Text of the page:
And likewise, I believe there are several things that the non-BW technology does really well. I’ve heard comments from BW developers that they wish they could use Data Services to load ERP data into BW, because of how powerful it is (and yes this is technically possible nowadays – but how many customers are doing it?). Likewise Sybase IQ is such a high-performant database engine, and does meet many requirements that HANA does not. Such as big BIG *BIG* data – like a one petabyte data warehouse!
Secondly, by keeping two separate EDW solutions (by which I mean 1-BW, and 2-most everything else), we are seeing very different workflow develop in the BOBJ platforms. If you use BW, use Analysis Office, Analysis Web, BICS connector for all your reporting tools, but some functions are not supported – try getting flattened hierarchial data in Webi than mashing it with non-BW data.
If you don’t use BW and instead use a universe, hey guess what sorry, you can’t use the Analysis tools, and hierarchy functionality works completely differently. This creates confusion in the developer community, as is evidenced by the huge amount of BW-BOBJ integration questions raised during every BOBJ webcast and presentation. If the gap isn’t pulled together, I worry that it will only reinforce the gap between BW and BOBJ people, and lead to bigger problems long-term.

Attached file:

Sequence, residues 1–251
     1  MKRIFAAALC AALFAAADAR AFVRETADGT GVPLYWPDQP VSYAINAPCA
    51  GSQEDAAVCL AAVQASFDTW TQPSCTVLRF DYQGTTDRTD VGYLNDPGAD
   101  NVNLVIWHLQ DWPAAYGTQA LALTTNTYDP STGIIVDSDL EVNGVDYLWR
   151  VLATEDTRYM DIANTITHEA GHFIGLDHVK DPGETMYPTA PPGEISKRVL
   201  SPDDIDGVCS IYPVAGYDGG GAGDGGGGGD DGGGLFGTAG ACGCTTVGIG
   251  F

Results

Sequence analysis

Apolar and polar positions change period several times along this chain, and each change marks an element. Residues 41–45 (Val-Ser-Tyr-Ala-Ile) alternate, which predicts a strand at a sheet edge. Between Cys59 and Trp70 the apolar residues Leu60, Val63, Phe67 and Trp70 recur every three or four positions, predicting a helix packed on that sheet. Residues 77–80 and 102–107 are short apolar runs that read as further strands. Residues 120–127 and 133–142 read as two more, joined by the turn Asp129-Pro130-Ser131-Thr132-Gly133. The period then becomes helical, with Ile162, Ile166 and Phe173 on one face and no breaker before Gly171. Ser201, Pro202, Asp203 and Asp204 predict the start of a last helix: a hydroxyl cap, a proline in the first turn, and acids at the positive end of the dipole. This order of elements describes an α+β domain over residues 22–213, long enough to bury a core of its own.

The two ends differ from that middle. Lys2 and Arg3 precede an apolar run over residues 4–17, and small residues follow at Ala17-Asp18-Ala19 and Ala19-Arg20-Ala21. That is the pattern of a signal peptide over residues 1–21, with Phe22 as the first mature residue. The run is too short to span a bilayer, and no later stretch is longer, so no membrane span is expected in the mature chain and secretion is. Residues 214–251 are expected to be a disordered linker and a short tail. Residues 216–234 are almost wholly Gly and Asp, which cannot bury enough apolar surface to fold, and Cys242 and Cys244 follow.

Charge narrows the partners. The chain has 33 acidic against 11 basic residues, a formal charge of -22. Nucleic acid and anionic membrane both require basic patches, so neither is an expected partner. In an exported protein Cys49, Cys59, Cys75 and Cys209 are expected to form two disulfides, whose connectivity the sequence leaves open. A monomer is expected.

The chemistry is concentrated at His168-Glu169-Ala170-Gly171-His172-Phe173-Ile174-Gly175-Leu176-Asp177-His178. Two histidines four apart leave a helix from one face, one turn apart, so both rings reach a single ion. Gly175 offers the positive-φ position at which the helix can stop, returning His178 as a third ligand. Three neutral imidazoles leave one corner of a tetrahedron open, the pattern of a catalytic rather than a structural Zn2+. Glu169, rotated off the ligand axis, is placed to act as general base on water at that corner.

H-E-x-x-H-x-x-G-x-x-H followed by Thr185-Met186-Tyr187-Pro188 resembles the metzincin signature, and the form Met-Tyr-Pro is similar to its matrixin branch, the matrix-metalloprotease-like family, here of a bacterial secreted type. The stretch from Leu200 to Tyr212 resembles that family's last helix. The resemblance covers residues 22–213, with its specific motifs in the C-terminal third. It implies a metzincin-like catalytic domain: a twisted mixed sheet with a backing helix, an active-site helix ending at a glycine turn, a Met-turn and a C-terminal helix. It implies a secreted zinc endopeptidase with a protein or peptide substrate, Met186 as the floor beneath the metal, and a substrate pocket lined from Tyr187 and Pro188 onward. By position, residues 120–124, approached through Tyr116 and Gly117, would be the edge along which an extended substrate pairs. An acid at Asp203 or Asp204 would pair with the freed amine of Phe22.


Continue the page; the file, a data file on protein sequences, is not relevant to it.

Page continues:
What I want to draw attention to by this post, is that I’m anxious to see SAP create something truly amazing, to take their great investments and exciting new tech and provide a clear and visible roadmap that uses all these discrete pieces. Some ideas of what this could look like have been floating in my head, and please contribute some more:
- A next-generation semantic layer which pulls together the best functionality from BW, the universe and PowerDesigner. This could allow both logical and physical modelling, true hierarchy creation that is virtual only, and which also allows business data to be captured and stored adhoc (instead of using Excel for all those pesky lookups that aren’t stored anywhere else)
- HANA and IQ for near-line storage, but automated and easily maintainable – advances have already been made in this direction by the capabilities now built into Data Services 4.1, allowing many source tables to be replicated with minimal direction
- Standard content ‘standardised’, available out of SAP, available in the universe, available in ETL, available in HANA – whichever way you want to consume
PS – I really hope this post doesn’t offend anyone, and I’d love to have some great discussion about where I am wrong – just be nice 🙂
[Update 1 – added RDS to ERP Standard Content in table]